Mayor London Breed and Supervisor Aaron Peskin Introduce Resolution to Authorize $75 Million in Funding to Convert At-Risk Buildings to Affordable Housing
Bond issuance will support the City’s anti-displacement and preservation programs to protect tenants in buildings subject to market pressures
San Francisco, CA – Mayor London N. Breed and Supervisor Aaron Peskin have introduced a resolution to authorize, issue, and appropriate up to $75 million in bond funding for the acquisition and rehabilitation of private, multi-unit buildings at risk of entering the speculative market.
Funding from the bond issuance would go to the Preservation and Seismic Safety (PASS) program, which is administered by the Mayor’s Office of Housing and Community Development, to finance the acquisition, rehabilitation, and preservation of existing multifamily housing. PASS will complement the City’s anti-displacement and preservation work under the existing Small Sites Program, which protects tenants living in properties that are vulnerable to market pressures by purchasing the properties and converting them to permanent affordable housing.
“This is an important tool for our City to prevent displacement and keep low-income San Franciscans, seniors, and vulnerable residents housed,” said Mayor Breed. “This unused bond funding will help address the immediate impacts of our housing crisis while we work to create more housing to make our City more affordable.”
In 2016, voters passed Proposition C to repurpose $260 million of unspent general obligation (GO) bond authority to allow it to also be used for the preservation of at-risk housing. The original GO bond was passed as Proposition A in 1992 to provide financing for property owners to comply with the City’s retrofitting requirements following the 1989 Loma Prieta earthquake, but to date only a quarter of the $350 million bond authority has been spent. Today’s resolution to issue up to $75 million in bonds represents the first issuance to fund the PASS program.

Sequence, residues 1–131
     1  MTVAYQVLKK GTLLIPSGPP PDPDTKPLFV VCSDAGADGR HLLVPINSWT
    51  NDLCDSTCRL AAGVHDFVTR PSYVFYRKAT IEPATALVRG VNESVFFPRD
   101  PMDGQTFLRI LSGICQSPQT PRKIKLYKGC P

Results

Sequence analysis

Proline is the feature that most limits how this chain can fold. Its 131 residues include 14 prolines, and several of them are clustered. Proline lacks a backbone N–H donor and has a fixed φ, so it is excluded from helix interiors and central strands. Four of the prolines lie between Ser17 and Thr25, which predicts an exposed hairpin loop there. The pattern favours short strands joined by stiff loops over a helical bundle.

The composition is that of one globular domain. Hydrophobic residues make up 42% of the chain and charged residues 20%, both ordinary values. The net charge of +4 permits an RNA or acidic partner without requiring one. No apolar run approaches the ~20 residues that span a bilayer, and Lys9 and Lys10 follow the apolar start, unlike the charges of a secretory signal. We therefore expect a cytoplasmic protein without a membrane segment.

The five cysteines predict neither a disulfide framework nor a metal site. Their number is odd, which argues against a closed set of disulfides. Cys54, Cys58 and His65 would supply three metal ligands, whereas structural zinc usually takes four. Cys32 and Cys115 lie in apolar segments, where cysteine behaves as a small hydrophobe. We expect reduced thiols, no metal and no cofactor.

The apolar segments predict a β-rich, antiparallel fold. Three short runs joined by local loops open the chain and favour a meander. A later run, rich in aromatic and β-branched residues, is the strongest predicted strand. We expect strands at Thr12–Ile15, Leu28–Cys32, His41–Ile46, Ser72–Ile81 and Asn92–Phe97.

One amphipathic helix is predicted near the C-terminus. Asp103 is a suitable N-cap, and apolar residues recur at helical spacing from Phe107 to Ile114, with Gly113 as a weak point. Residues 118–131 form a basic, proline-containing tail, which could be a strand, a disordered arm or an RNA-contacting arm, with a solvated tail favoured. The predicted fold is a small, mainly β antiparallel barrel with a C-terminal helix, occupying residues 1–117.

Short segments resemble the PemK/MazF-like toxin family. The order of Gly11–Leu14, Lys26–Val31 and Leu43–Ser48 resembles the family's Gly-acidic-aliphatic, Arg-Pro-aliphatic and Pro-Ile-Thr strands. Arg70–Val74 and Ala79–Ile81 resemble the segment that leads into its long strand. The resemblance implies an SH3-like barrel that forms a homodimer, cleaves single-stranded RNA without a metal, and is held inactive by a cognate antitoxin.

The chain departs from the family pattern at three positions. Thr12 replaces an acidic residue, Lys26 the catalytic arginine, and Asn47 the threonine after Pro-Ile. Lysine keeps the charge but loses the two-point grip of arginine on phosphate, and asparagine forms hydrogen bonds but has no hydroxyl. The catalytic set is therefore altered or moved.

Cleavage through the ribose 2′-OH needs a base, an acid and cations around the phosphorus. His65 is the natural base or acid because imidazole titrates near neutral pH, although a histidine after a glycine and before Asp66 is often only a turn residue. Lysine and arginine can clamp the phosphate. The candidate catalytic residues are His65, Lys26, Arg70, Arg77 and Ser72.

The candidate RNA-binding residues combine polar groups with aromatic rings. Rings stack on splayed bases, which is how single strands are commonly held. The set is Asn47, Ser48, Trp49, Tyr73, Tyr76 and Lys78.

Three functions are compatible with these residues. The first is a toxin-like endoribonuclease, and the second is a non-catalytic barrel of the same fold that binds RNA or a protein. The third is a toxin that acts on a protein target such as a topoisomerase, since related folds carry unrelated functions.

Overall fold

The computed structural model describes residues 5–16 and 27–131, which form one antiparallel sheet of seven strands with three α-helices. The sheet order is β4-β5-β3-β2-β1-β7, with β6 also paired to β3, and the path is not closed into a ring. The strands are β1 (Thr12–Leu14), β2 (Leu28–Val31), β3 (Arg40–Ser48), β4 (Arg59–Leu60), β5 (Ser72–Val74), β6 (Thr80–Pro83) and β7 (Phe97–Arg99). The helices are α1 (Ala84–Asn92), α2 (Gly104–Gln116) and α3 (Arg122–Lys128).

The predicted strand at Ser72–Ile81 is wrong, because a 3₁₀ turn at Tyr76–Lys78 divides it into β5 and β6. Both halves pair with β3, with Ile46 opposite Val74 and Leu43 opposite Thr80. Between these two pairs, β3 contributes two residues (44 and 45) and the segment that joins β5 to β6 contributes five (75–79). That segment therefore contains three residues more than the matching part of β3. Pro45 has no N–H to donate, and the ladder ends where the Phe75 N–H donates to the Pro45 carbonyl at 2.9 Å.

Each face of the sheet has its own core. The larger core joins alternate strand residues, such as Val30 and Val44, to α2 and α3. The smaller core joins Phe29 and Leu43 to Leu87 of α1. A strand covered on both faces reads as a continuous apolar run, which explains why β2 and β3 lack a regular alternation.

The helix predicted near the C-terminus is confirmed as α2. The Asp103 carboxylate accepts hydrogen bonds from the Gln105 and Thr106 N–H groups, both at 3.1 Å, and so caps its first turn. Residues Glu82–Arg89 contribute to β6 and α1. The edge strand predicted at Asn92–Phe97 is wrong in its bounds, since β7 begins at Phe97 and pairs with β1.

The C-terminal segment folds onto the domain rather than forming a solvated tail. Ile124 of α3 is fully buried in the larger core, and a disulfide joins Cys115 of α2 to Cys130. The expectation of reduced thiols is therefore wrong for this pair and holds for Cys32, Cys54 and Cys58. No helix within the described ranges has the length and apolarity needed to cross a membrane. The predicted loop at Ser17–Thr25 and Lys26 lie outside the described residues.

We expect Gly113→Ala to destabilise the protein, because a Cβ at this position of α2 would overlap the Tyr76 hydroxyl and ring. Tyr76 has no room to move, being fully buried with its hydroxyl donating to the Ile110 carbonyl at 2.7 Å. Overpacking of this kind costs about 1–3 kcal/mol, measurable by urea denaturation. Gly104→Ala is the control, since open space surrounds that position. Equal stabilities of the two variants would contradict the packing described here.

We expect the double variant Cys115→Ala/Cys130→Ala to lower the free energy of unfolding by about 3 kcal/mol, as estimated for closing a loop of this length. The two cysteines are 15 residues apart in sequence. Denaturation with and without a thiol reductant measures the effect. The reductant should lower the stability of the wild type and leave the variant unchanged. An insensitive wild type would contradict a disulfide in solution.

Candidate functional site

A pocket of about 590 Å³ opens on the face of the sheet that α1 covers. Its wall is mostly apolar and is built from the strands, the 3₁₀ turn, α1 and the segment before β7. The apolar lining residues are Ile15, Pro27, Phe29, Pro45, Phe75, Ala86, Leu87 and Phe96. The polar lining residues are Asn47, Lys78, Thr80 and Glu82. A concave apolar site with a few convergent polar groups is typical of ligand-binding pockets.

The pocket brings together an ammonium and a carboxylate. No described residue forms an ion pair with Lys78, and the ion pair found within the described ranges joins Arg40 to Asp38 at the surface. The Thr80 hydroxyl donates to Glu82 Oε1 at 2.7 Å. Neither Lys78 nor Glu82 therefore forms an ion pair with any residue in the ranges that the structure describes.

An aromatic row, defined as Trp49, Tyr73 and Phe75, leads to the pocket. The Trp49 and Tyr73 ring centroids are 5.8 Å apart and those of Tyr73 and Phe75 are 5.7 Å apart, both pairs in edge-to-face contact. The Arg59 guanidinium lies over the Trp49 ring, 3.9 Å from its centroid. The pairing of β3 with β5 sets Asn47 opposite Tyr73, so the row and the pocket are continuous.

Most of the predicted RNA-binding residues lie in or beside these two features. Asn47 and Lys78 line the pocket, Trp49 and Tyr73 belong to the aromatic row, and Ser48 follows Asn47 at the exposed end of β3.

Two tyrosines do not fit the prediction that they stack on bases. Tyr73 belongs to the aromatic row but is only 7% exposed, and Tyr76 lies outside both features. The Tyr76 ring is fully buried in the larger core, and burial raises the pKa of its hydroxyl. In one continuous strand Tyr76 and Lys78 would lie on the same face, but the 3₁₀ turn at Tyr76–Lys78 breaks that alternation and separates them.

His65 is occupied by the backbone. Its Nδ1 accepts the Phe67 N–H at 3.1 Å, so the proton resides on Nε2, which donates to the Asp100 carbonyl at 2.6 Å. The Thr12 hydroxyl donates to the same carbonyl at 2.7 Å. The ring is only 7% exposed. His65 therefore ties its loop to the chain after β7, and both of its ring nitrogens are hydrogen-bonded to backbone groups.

“I committed to tackle the affordability crisis, which is why I authored the Prop C Affordable Housing Bond 2 years ago,” said Supervisor Aaron Peskin. “We are finally issuing the first series of bond funding for small site acquisition, out of a quarter of a billion dollars for acquisition and rehabilitation of some of our most at-risk rent-controlled buildings. I’m delighted that the City has identified Small Site and Single Resident Occupancy (SRO) acquisitions for immediate acquisition. This is a critical first step in preserving affordable housing stock that would otherwise be lost to an increasingly speculative market.”
The PASS program will provide access to $260 million of low cost and long-term senior financing that is not currently available on the conventional market. The program is anticipated to preserve up to 1,400 apartments, reduce the need for other public resources, and allow preservation-oriented sponsors to compete more effectively in the market. PASS was created to complement the Small Site Program, the acquisition and rehabilitation loan program for multifamily rental buildings of five to 25 units.
This first issuance of up to $75 million is planned to be used to acquire properties eligible under Small Sites Program and more broadly preserve affordable housing throughout San Francisco that is particularly vulnerable to market pressure resulting in property sales, increased evictions and rising tenant rents. In the face of the increasing pressure, the PASS program helps San Franciscans avoid displacement or eviction by providing loans to nonprofit organizations to successfully remove these sites from the market and restrict them as permanently affordable housing.